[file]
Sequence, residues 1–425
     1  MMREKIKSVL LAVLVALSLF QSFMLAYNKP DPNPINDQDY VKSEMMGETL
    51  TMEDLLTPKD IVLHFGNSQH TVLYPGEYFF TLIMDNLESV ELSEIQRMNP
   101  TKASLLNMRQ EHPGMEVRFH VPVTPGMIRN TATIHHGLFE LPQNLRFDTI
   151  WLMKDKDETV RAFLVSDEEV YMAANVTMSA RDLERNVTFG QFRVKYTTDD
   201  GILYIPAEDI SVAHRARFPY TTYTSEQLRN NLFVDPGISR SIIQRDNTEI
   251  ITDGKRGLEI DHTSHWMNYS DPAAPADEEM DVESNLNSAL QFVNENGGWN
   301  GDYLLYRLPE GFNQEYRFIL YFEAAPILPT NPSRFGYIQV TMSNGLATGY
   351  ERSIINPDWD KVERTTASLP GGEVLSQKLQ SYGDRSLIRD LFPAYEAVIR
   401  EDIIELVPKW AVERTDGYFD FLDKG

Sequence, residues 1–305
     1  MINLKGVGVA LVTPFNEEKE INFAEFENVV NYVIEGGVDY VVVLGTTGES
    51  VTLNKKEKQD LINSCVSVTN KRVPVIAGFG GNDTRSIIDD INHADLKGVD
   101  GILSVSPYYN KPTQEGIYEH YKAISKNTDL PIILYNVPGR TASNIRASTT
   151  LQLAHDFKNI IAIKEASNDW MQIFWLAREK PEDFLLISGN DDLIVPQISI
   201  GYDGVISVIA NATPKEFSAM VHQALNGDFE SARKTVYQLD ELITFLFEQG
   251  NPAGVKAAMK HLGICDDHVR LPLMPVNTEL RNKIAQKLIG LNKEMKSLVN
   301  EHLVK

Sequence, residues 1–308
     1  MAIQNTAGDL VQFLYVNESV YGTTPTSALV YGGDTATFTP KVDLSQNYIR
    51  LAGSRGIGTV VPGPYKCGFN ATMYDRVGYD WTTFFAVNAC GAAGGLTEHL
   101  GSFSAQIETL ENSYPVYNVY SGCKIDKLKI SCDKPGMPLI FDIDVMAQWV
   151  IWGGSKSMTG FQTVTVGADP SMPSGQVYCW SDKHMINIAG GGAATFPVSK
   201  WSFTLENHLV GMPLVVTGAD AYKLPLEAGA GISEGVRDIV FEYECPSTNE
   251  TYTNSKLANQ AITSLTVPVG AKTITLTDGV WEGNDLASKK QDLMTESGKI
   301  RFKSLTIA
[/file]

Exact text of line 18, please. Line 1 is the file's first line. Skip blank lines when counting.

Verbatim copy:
   301  EHLVK